* Has difficulty sustaining attention.
    * Does not appear to listen.
    * Struggles to follow through on instructions.
    * Has difficulty with organization.
    * Avoids or dislikes tasks requiring sustained mental effort.
    * Loses things.
    * Is easily distracted.
    * Is forgetful in daily activities.

AD/HD - Hyperactive Type

    * Fidgets with hands or feet or squirms in chair.
    * Has difficulty remaining seated.
    * Runs about or climbs excessively.
    * Difficulty engaging in activities quietly.
    * Acts as if driven by a motor.
    * Talks excessively.
    * Blurts out answers before questions have been completed.
    * Difficulty waiting or taking turns.
    * Interrupts or intrudes upon others.

AD/HD - Combined Type

    * Individual meets both sets of inattention and hyperactive/impulsive criteria.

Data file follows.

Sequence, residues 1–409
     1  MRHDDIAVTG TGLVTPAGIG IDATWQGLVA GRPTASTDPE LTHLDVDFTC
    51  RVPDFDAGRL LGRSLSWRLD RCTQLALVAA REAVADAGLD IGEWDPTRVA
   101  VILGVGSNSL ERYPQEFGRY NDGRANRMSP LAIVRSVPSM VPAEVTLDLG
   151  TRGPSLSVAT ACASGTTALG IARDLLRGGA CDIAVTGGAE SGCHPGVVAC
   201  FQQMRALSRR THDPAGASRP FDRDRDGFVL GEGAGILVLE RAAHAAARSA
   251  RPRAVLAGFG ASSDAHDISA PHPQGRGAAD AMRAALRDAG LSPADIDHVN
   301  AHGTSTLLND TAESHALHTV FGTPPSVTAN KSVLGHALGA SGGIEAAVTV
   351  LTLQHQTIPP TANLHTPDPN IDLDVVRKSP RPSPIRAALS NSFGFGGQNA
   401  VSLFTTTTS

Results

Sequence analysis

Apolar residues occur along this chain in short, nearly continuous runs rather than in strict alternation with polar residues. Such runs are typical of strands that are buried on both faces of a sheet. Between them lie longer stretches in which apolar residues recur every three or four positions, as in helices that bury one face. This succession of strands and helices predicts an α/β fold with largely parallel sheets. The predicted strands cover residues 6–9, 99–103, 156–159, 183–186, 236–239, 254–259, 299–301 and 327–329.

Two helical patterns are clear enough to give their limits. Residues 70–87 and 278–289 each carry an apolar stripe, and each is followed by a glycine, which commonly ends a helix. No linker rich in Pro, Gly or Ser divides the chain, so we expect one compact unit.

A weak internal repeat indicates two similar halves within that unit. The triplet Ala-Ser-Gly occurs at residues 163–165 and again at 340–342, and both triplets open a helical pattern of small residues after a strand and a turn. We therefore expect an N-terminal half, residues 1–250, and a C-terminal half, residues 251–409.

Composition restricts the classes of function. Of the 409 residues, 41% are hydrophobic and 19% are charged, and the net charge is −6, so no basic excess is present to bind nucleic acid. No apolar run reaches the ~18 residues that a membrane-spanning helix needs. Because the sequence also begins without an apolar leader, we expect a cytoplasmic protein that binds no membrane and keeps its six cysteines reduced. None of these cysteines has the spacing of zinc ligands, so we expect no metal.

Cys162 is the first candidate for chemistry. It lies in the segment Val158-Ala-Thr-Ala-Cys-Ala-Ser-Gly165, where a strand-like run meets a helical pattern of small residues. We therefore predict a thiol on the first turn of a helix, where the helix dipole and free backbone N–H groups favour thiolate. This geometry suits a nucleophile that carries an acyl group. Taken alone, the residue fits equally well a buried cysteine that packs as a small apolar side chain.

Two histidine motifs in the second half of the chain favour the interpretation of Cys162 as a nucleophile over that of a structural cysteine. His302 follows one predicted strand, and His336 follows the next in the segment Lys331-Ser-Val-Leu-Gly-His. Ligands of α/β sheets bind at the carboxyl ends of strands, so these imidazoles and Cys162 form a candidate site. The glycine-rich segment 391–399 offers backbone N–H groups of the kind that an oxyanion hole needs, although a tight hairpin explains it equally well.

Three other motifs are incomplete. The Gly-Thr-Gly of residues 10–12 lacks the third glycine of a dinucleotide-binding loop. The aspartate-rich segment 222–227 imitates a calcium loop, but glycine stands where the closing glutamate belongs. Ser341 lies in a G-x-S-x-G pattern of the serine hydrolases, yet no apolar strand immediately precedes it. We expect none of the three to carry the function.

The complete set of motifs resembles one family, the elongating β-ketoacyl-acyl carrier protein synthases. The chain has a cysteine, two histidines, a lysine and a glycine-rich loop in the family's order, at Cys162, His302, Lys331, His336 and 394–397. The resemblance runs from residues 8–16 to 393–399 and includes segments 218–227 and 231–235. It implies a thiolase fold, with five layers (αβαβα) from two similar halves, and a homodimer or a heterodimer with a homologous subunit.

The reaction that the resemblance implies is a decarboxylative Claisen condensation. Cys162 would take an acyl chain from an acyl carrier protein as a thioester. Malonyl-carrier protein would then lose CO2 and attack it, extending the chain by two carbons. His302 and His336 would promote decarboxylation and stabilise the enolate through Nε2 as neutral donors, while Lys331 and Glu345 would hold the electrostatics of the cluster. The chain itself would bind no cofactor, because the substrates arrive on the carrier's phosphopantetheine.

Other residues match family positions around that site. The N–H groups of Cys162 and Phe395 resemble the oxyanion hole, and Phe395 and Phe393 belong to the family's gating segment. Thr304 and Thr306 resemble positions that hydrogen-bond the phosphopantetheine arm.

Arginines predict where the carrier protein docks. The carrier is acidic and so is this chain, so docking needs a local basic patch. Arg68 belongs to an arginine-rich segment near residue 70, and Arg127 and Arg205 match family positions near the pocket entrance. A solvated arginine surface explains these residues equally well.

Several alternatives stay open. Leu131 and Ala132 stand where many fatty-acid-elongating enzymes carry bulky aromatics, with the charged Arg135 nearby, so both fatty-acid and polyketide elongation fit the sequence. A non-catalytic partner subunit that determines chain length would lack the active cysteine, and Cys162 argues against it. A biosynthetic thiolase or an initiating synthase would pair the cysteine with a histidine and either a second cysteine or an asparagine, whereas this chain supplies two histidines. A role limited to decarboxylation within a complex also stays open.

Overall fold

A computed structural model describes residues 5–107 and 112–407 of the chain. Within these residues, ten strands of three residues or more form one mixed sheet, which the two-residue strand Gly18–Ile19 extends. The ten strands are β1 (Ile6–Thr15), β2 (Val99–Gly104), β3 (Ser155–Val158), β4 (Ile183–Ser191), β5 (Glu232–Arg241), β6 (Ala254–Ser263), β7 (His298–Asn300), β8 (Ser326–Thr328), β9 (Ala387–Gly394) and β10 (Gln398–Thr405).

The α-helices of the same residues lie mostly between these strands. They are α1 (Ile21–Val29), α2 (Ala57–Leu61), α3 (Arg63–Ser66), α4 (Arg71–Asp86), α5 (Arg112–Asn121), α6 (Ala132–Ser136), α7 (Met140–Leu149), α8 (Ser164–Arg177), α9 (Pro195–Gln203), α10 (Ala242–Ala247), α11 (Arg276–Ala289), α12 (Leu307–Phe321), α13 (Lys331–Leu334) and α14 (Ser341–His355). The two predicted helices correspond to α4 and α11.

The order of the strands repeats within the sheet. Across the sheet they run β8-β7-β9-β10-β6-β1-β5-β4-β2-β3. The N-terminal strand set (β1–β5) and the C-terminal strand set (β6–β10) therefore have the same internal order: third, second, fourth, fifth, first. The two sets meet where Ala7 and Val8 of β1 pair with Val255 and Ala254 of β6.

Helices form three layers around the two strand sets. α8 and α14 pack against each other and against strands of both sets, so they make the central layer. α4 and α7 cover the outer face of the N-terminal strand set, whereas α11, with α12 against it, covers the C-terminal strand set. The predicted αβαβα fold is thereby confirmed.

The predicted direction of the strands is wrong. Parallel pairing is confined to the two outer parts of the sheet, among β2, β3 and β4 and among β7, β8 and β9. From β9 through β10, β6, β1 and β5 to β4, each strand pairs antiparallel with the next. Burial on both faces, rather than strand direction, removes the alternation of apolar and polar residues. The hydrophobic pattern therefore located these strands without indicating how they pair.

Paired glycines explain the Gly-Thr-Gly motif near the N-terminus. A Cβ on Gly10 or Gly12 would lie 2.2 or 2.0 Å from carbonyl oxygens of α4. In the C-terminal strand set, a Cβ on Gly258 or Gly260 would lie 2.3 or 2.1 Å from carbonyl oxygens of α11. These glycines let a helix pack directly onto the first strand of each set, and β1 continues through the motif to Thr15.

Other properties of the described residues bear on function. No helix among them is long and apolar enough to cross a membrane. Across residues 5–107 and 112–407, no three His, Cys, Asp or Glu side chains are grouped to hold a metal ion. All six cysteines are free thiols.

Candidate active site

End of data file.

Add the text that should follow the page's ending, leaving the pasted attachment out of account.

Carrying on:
- http://www.help4adhd.org/en/treatment/guides/dsm

---

Also...as for your mark that the APA doesn't recognize adult onset AD/HD - they seem to have not made a comment either way. They do, however, recognize it can LAST a lifetime:

"Current research demonstrates that ADHD is a complex disorder that may affect someone across his or her entire life span." - http://www.apa.org/ppo/issues/pconstest.html

---

AD/HD is very misunderstood still. Maybe if people (not you, but in general) took the time to research it, these assumptions like the one you quoted wouldn't be made.

behavnet listed the disorder exactly as the DSM states it, I've checked both the DSM and 2 textbooks I have.  I never said the disorder was only present in children, rather that you must show signs of it in childhood for the disorder to be diagnosed.  What I was referring to was someone who stated that at 28 years old they developed ADHD and went from a genius to failing out of law school. The DSM states explicitly that you must show symptoms before 7 years old.  Not that you meet criterian but show some of the symptoms, you're correct in saying in can last a lifetime and I didn't dispute that fact.  However it is listed as a disorder, "first diagnosed in infancy, childhoold or adolescence." I've done my reserach I've written papers on ADHD, I have a psychology degree from one of the most respected psych programs on the east coast.  So I do know what I'm talking about when it comes to this.